National American Indian Heritage Month, November 2013
Each November National American Indian and Alaska Native Heritage Month is celebrated in recognition of the many contributions of the original American peoples. This year’s theme is "Guiding Our Destiny with Heritage and Traditions." This month provides us an opportunity to learn about the rich traditions, art, heritage and history of the American Indian and Alaska Natives.
The first “American Indian Day” was declared by the governor of New York State and celebrated for the first time on the second Saturday in May 1916. Legislators enacted a similar day of recognition in Illinois in 1919, and it wasn’t until 1990 that President George H. W. Bush approved a joint resolution designating the month of November as "National American Indian Heritage Month."
American Indians and Alaska Natives are identified as people having origins in any of the original peoples of North, South and Central America, and who maintain tribal affiliation or community attachment. According to the 2010 U.S. Census, there are 5.2 million American Indians and Alaskan Natives living in the U. S. There are 566 federally recognized tribes. Additionally, there are 153, 233 Native American veterans of the U.S. Armed Forces.
American Indians were the first people to live in what is now America. Not surprisingly, many states, cities, and even rivers and lakes derive their names from Native American languages. Here are just a few, but see a larger list that follows:
- Alabama: From the Alibamu tribe of Indians, members of the Creek Confederacy. The name may have come from words in the Choctaw language, "Alba ayamute" meaning "I clear the thicket."
- Iowa: From a Dakota Indian word: the name had many different spellings until it became "Ioway" and the "Iowa".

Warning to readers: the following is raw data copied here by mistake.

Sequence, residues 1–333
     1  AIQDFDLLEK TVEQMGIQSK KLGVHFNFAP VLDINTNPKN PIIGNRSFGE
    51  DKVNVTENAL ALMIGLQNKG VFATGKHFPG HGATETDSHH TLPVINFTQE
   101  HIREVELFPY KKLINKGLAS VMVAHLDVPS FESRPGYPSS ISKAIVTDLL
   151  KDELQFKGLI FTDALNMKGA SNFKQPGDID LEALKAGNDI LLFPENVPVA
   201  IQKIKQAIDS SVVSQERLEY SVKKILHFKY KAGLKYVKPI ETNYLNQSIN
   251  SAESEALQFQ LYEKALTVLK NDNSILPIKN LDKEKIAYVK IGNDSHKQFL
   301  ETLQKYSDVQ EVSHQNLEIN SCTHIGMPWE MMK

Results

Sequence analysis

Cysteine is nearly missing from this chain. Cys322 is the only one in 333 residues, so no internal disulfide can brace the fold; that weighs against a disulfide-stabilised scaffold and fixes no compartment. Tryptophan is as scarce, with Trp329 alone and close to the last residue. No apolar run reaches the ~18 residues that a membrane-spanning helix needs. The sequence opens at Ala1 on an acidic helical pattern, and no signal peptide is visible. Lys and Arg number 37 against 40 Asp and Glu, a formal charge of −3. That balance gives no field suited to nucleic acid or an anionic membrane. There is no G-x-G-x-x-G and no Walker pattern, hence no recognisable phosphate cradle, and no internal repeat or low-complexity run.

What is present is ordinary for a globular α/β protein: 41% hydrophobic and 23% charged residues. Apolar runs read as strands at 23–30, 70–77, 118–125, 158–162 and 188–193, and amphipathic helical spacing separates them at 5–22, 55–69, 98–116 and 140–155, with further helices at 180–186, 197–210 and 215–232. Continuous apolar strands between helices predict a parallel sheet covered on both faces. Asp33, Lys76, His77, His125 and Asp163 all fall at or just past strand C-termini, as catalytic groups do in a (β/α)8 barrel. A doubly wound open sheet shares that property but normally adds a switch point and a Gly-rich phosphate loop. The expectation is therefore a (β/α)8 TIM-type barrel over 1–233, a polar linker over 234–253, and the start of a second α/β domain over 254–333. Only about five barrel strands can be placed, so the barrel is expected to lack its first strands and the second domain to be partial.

- Kentucky: Probably related to the Iroquois Indian word "Kenta" -- "level" or "Meadow-land" referring to the level land in the south central part of the state.
- Massachusetts: From Massachuset Indians, who lived around the Blue hills near Boston, meaning "about the big hill".
- Wisconsin: "Wishkonsing" -- place of the beaver.
American Indian and Alaska Native Heritage Month is celebrated with community gatherings and festivals and government and educational activities. Many schools celebrate the month by learning more about the history and contributions of American Indians and Alaska Natives in education, art, literature, government, sports, science, and technology past and present. We encourage you to learn more about the rich past and present heritage of the American Indian and Alaskan Native people. Please find the time to participate in National American Indian Heritage Month in any of the various celebrations in your area honoring the traditions, art, music, culture, and contributions of these original Americans such as:
- Take the time to go to a traditional Native American festival or visit a museum.
- Cook some traditional Native American dishes to explore new tastes and honor their heritage.
- Sit down with your children and do a project that reflects the Native American culture.
During November, we also celebrate a time for thanksgiving. Take time to reflect and appreciate the contributions of the original Americans to our great society.
- Smithsonian Education - American Indian Heritage Teaching Resources
- The Library of Congress – “Stories from the Veterans History Project”
Library of Congress
National Gallery of Art
National Park Service